“This threat is not going away and Australia stands absolutely united with a very, very crucial friend in Indonesia to make sure we can work with the President and all of the people responsible in the leadership in the Indonesian government to keep their people safe,” Mr Dutton told reporters in Canberra on Monday.
    Mr Dutton said Canberra would be doing whatever it could to support Jakarta.
    Opposition Leader Bill Shorten and Labor’s foreign affairs spokeswoman Penny Wong condemned the attacks.
    “Such an attack has no basis in religion, and is an affront to peace-loving people of all faiths,” they said in a joint statement.
    “It is particularly concerning to hear reports of the attacks being carried out by a single family, which murdered its own children.” Former prime minister Kevin Rudd said the incidents were a “sobering reminder” of the new danger posed by Islamic State fighters returning from Syria and Iraq. “Significant threat to Australians and westerners in SEA (South East Asian) region,” he tweeted.
    Last year, the Philippines scrambled to quash a five-month IS insurgency in Marawi.
    Australia provided surveillance aircraft and has been training Filippino troops in urban combat.
    Sunday’s church bombings was Indonesia’s deadliest attack in years. The attackers — a mother and father, two daughters aged nine and 12, and two sons aged 16 and 18 — were linked to local extremist network Jamaah Ansharut Daulah (JAD) which supports IS, police have said.
    The mother, identified as Puji Kuswati, and her two daughters were wearing niqab face veils and had bombs strapped to their waists as they entered the grounds of the Kristen Indonesia Diponegoro Church and blew themselves up, police have said.
    The father, JAD cell leader Dita Priyanto, drove a bomb-laden car into the Surabaya Centre Pentecostal Church while his sons rode motorcycles into Santa Maria church, where they detonated explosives they were carrying, according to authorities.
    Authorities said they believed some of the family members had recently returned from Syria, where hundreds of Indonesians have flocked in recent years to fight alongside IS in its bid to carve out a caliphate ruled by strict Islamic law.
    The family killed at least seven churchgoers. Some 41 people were injured.
    JAD, led by jailed radical Aman Abdurrahman, has been linked to several deadly incidents, including a 2016 gun and suicide attack in the capital Jakarta that left four attackers and four civilians dead.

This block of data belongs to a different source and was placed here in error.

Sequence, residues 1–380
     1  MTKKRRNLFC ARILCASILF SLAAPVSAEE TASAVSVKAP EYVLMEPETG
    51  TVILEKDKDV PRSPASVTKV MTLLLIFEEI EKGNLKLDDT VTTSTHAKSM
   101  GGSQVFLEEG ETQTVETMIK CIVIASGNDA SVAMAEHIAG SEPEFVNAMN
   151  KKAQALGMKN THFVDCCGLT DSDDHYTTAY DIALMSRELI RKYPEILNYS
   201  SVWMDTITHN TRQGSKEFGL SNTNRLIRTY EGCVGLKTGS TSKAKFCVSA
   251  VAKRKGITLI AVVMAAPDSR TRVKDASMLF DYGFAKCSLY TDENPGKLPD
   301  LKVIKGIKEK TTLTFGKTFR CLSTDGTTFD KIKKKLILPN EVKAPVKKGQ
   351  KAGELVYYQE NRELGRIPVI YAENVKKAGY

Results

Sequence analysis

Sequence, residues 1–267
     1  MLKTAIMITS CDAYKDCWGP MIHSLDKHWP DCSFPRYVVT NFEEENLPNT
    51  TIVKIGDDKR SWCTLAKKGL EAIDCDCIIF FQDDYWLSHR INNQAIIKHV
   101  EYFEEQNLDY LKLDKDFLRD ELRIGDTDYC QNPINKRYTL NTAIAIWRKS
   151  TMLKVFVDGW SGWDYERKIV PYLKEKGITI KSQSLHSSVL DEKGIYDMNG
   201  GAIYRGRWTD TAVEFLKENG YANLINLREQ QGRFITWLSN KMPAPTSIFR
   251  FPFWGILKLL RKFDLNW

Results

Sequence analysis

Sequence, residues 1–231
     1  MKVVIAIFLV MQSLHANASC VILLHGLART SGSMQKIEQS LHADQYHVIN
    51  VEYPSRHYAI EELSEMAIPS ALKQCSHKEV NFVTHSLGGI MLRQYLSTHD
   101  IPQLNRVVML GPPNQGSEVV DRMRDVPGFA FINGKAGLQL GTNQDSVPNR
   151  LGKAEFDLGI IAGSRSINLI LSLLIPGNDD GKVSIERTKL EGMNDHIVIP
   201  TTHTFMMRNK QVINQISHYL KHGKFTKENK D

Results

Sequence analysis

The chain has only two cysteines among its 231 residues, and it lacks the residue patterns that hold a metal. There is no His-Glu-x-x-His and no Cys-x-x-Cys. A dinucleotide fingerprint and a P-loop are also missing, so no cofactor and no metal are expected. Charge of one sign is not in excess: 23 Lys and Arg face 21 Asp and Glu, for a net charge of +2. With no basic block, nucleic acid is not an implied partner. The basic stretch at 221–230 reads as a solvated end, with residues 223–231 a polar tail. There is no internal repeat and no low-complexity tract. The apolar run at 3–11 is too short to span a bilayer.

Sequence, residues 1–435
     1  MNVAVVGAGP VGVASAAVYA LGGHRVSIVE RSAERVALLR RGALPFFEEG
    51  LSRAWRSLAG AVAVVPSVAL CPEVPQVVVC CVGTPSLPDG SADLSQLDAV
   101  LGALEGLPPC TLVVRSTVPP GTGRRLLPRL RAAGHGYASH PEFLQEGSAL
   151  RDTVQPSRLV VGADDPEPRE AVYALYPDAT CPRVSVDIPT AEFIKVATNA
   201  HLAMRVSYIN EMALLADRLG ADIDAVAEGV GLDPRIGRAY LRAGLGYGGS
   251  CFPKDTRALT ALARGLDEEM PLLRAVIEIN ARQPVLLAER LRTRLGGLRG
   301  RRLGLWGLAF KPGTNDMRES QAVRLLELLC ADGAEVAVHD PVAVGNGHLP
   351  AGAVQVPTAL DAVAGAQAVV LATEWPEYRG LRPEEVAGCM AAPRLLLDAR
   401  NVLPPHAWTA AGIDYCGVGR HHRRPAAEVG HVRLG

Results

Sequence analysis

That was the first assault claimed by IS in Southeast Asia.
    Police on Sunday said four suspected JAD members were killed in a shootout during raids linked to a deadly prison riot this week.
    Centre for Strategic and International Studies Indonesia researcher Evan Laksmana says Surabaya has seen little unrest in recent decades.
    “The city has only seen three attacks since 1977 and the last one in 2001 was targeted at private citizen/property,” Mr Laksmana tweeted.
    Last week, five Indonesia elite counter-terror police were killed after a riot in a high-security Jakarta police complex housing terrorist prisoners.
    Indonesia’s deputy national police chief, Syafruddin, said the police officers, from the country’s elite counter-terror squad known as Densus 88 (Or Detachment 88) had been “sadistically slaughtered” by the terrorists.
    Syafruddin said that 156 terrorist prisoners and those awaiting trial as suspects, housed in the jail inside the Brimob headquarters, had held nine Detachment 88 officers hostage, murdered five of them and injured four. One terrorist prisoner was also killed.
    The Islamic State terrorist group has reportedly claimed responsibility for the attack and a series of gruesome images, purportedly from inside the prison during the siege, have circulated on radical social media. However police warned against believing the images are from this siege and have not commented on their authenticity.
    The archipelago nation of some 17,000 islands has long struggled with Islamic militancy, including the 2002 Bali bombings that killed 202 people — mostly foreign tourists — in the country’s worst-ever terror attack.